The New York time recently published an article about chasing the perfect taco up the CA. coast. (See NY Times link below) Someone asked me to repost the following since the link got lost in the chow-changeover. So many folks are traveling up the coast this summer, the following deserves a look and hopefully some of your comments.
Everybody who lives in Santa Barbara knows that Milpas Street is the place to go for “hole–in-the-wall Mexican eateries. A small band of discriminating chicano-chowhounds chose a daunting task. We ran a taqueria-taste-test between La Superica Taqueria and Taqueria El Bajio down the block. Hah! We were going to find the best taqueria or die trying. OK, so weren’t willing to die. But we were willing to sacrifice ourselves by..uhm, eating a lot.
At El Bajio, you order from the counter, take a number for your table, then wait to be served. This place is so small we were tripping over each other. There’s inside seating for about 20 and outside is an awning-covered patio with about 6 picnic tables. It was too breezy to eat outside. In front are three small tables, if you don’t mind dining on the street. El Bajio features traditional cooking of Guanajuato, Mexico and has been in that Milpas location for about 10 years. We were met by friendly staff and giant urns of fruit flavored beverages (agua frescas)beckoned to us. They had watermelon-water and mango water. I sampled a combo of the two and it was good stuff. Not overly sweetened, with a mild fruity flavor. One of our group ordered the chicken mole $8.95. It was slightly grainy with ground nuts and little hint of chocolate and not nearly as sweet as some in L.A. It is made fresh, right on the premises, We also sampled a whopping big carnitas burrito at a hefty price, $6.95. Was it worth it? Definitely. The carnitas were moist and loaded with flavor that only slow roasting can bring. My tortilla-detector kicked into gear. The flour tortilla was extra large, fresh, slightly on the thick side. It brings that chewy texture to this burrito that must have weighed in at almost a pound.. Next we sampled the asada taco. It was a fat one, the marinated meat was delicious all on its own, about 3 oz. of it, plus there was a smidgeon of guacamole and sour cream on the bottom. $2.95 is expensive for a taco, but for Santa Barbara, in general, dining is not cheap. The chicken tostada was layered onto a fresh corn tortilla. It was not that crispy texture that you would expect because it was thicker than the paper-thin machine made tortillas. But it stood its own. The gorditas and sopes are made from fresh masa right in their kitchen. Our bean and cheese gordita was pretty good, but it needed something more...like asada!!! There is a salsa bar with the usual pico de gallo and a tasty roasted chile salsa that we enjoyed. My vote was: 5 star asada taco, 5 star burrito. 3 star mole, but it was purely a matter of style and preference. Someone suggested that we return for breakfast in the morning, because their huevos rancheros ($7.50), and chilaquiles ($8.50) were really popular. I figured they must be pretty good if they can get that price. I eyed some mighty fine-looking bowls of pozole being consumed by local diners. Hmmm, made mental note to return for that weekend special.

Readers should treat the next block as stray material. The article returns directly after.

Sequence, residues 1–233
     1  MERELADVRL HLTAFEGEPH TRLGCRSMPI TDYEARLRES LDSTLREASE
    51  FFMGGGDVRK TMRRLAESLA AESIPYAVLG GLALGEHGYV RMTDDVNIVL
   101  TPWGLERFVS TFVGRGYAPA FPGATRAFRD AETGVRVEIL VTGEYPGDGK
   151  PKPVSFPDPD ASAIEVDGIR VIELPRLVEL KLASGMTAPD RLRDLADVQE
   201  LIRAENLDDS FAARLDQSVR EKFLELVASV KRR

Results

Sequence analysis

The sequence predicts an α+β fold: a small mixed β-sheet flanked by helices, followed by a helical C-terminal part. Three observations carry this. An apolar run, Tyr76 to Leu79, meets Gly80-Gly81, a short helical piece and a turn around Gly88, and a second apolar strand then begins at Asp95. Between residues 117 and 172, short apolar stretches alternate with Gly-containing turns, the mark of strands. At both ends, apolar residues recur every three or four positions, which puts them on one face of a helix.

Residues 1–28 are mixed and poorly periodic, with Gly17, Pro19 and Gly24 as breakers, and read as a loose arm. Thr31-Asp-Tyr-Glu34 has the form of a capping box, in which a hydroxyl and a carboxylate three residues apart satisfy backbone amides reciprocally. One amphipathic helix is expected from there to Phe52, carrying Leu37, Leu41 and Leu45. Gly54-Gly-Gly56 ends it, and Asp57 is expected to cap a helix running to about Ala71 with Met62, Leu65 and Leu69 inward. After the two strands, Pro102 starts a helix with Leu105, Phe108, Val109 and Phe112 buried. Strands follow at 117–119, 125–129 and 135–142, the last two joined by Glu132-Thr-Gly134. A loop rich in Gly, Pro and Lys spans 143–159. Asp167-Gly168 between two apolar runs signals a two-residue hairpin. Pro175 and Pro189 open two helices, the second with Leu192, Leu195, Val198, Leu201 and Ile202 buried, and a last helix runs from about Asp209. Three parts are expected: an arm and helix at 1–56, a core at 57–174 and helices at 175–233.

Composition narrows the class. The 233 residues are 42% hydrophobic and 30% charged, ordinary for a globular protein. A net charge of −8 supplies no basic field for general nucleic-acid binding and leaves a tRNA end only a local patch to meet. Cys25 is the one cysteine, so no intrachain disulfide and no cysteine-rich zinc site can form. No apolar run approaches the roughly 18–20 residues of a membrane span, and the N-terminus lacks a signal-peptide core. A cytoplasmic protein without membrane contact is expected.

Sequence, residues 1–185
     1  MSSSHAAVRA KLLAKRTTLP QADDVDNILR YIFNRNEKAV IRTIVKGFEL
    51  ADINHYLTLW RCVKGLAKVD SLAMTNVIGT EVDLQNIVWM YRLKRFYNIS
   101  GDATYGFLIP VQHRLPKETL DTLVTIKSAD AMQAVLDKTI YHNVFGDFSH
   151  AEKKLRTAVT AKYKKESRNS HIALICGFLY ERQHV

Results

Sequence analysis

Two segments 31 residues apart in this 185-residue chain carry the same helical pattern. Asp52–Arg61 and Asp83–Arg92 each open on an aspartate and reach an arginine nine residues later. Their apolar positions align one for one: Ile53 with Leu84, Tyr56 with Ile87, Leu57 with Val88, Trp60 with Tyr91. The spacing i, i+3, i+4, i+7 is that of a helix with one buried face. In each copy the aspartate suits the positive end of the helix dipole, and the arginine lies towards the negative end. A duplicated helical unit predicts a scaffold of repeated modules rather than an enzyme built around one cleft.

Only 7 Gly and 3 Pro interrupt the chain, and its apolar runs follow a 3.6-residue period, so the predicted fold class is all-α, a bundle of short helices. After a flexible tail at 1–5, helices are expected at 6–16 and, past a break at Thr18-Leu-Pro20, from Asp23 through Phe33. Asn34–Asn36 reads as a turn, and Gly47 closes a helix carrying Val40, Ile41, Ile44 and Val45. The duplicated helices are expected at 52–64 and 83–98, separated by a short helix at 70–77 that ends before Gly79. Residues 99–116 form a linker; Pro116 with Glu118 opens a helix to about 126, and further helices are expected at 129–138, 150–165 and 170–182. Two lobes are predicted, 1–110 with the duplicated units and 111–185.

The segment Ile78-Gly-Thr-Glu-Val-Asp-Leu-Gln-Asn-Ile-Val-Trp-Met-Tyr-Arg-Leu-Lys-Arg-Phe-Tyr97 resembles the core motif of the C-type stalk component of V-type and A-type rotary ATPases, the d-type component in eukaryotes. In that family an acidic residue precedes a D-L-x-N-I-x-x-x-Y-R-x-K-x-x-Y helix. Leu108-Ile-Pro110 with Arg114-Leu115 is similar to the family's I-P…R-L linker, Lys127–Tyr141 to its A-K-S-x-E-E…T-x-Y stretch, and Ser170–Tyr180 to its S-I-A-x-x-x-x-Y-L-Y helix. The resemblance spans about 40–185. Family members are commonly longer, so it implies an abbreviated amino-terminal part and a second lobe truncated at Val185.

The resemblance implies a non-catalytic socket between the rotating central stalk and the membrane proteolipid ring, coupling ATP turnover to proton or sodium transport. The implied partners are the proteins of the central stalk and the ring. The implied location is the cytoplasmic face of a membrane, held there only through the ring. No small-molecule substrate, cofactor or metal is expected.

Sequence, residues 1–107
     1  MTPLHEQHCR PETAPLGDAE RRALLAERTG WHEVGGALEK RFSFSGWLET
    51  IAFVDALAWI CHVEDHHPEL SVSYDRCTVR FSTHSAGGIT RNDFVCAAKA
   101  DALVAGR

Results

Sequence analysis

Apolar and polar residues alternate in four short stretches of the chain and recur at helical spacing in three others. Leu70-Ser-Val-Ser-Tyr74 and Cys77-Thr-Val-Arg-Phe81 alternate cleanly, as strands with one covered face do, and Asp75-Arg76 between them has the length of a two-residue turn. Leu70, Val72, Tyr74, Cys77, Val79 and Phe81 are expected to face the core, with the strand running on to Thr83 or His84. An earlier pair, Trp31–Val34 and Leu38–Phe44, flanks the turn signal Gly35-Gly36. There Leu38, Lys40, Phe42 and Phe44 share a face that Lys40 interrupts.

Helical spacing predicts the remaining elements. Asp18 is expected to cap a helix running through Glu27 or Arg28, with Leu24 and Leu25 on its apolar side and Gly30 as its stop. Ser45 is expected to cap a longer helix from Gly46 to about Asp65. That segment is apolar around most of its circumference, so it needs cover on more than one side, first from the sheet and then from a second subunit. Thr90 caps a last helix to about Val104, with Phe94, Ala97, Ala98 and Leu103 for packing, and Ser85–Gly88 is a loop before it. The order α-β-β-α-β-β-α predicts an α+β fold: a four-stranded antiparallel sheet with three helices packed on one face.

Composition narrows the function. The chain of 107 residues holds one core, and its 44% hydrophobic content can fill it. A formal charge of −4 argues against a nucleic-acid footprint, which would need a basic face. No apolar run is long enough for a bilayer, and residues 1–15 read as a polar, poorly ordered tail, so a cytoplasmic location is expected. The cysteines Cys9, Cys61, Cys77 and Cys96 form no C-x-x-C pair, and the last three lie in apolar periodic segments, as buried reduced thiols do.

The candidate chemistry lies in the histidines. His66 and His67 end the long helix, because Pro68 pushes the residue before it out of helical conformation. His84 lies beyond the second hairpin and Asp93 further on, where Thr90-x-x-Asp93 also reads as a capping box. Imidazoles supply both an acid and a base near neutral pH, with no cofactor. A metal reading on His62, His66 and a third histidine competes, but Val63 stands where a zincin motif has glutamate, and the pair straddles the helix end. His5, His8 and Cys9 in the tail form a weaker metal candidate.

Next we rolled over to La Superica Taqueria a couple of blocks up the street. Lucky hounds that we were, we hit it during a lull. The place is usually packed since Julia Child discovered it and told the whole darn world. But today, there were plenty of tables and little wait in line to order. We sampled the chorizo quesadilla, the queso fundido. The Rajas taco and something, I don’t recall the name of, that consisted of grilled meats, onions and bell peppers on two corn tortillas. I saw the lady making our tortillas right there in the kitchen. I have a hard time passing up grilled meats on a fresh corn tortilla. I know some chowhounds have complained that their tacos are dry. But I won’t agree...because that's what god made salsa for! The red salsa is slightly tart, and a perfect foil for tacos. The green salsa had tomatillos, green chiles and a hint of citrus. Yummy! And the special, vegetarian tamale, oh –my--god! They drizzle it with crema. Its moist. Its creamy. Its fresh. Its heaven. While waiting, I eyed the pozole which was on their specials menu too. But we didn’t try it. For me, the tamale was the hands down winner of the day. Second place tie, the rajas taco and Bajio’s asada taco. The chorizo quesadilla was really tasty. The chorizo was sliced and chopped, like linguica, not crumbled, the way us chicanos would recognize it. But it was d##@%m GOOD.
After all this eating, we planned to use the “facilites” before we took a walk along the beach at the Arts and Crafts fair, a Sunday tradition. La Superica has an outdoor entrance to a unisex “john” that resembles one of those vintage “toilets” in a ‘50’s Texaco gas-station. I suggest that one should go elsewhere, like El Bajio, where it was spotless.
So! Which won us over? Its hard to say. The last word on this one is up to you, chowbuddies. Because, if given the choice of only one, I would probably chose El Bajio. But I would secretly yearn for the Super Rica tamale. It makes my mouth water just thinking about it.
La Super Rica Taqueria
622 N. Milpas, Santa Barbara, 93103
Taqueria El Bajio
129 N. Milpas, Santa Barbara, 93103
NY Times Road trip: http://travel2.nytimes.com/2006/07/21...
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